Richard M. Nixon In Retrospect

Richard M. Nixon In Retrospect

By Gerald Harris

Prime Minister Golda Meir and President Richard Nixon in 1970

Jew-Hater Or Savior Of Israel?

Part Two

It seemed like Richard M. Nixon had a magic touch because all of his foreign policy and domestic initiatives worked out. His policies restored calm to the country, ended the war in Vietnam, ended the draft, brought the POWs home, initiated diplomatic relations with China, lowered tensions with Russia, and made America a cleaner, more prosperous, and fairer country. But a very different story had started to unfold, one that would drastically change the impression that Nixon could do no wrong.

On June 17, 1972, five men were caught breaking into the headquarters of the Democratic National Committee at the Watergate hotel in Washington DC.

The White House dismissed the incident as a “third-rate burglary” and Nixon denied having any knowledge of it. The story, however, did not go away; it topped the headline news every day, news reports began linking the break-in to the White House, and there were calls for Nixon’s resignation and even for his impeachment. Friends abandoned him, the public turned on him, and every day brought a new nightmare.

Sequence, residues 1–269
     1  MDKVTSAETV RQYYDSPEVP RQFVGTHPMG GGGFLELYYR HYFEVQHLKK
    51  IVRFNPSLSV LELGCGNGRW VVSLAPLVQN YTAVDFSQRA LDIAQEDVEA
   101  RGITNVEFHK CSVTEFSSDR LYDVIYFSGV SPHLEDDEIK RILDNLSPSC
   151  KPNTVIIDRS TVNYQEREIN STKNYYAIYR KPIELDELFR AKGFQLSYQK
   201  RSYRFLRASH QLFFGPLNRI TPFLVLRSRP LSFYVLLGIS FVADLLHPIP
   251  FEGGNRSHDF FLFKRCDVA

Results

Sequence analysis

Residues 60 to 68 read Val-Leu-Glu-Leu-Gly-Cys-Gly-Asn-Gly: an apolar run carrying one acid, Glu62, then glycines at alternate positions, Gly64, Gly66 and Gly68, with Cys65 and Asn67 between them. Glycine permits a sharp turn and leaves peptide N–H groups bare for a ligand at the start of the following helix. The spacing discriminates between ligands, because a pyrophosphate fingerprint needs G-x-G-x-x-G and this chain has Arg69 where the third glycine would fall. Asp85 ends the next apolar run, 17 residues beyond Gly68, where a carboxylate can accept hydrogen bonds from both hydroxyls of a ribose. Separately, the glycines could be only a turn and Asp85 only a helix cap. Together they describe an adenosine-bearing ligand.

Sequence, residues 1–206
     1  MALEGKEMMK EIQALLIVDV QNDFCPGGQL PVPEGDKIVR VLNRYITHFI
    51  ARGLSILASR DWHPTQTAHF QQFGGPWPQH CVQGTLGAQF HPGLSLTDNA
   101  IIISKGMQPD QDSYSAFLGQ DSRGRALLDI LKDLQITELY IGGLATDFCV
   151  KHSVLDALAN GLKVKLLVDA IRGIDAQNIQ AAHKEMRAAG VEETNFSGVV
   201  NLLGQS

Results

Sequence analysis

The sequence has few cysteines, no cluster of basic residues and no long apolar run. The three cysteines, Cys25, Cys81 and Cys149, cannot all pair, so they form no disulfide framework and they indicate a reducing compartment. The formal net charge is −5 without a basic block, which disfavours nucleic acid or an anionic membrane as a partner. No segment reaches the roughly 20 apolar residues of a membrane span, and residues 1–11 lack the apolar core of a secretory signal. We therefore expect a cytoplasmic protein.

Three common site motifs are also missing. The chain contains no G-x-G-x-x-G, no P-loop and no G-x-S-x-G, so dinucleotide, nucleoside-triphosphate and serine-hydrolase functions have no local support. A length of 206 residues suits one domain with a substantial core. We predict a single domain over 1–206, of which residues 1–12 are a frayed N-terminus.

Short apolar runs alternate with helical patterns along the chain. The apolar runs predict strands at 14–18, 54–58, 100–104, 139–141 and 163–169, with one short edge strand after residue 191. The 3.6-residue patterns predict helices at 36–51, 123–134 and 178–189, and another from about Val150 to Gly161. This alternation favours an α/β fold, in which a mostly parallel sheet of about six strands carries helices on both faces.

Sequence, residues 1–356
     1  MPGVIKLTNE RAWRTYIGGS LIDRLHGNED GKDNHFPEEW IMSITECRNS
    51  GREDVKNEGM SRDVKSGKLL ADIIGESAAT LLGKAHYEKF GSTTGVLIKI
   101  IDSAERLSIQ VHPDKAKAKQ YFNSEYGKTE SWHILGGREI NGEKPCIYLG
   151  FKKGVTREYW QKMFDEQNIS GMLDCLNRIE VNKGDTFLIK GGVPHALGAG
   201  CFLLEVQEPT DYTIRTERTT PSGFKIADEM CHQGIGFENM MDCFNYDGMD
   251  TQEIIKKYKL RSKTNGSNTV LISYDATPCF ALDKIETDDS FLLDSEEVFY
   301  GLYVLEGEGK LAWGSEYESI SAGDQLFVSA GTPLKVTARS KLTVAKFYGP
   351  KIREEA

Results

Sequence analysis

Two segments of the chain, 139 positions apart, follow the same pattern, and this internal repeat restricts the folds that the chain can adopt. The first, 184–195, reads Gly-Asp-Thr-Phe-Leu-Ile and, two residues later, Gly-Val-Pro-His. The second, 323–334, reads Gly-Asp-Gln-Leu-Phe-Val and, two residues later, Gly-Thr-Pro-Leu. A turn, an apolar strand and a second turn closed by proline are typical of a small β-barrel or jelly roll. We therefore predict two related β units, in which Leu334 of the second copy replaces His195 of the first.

The Yom Kippur War

Just when it seemed that the pressure on Nixon could not get worse, it did.  On Oct. 6, 1973, Yom Kippur, Arab forces from Syria, Egypt, and other countries launched coordinated attacks against Israeli positions. With many soldiers away from their posts, the attacking armies, heavily armed with the latest Soviet missiles and other weaponry, quickly seized control of large parts of the Golan Heights and the Sinai Peninsula. They also destroyed a great deal of Israel’s military hardware, including most of its air force.

President Nixon meeting with Moshe Dayan in 1970

Israel didn’t have enough equipment left to launch a counter-offensive. Even worse, it was by no means certain that the advancing Arab armies could be stopped before they reached Jerusalem and Tel Aviv.

Israel made emergency calls for help to its closest and most trusted friends in Washington, but the going was rough.  Nixon’s closest advisor recommended “letting Israel bleed a little,” and wanted to delay any assistance. Another opposed it entirely.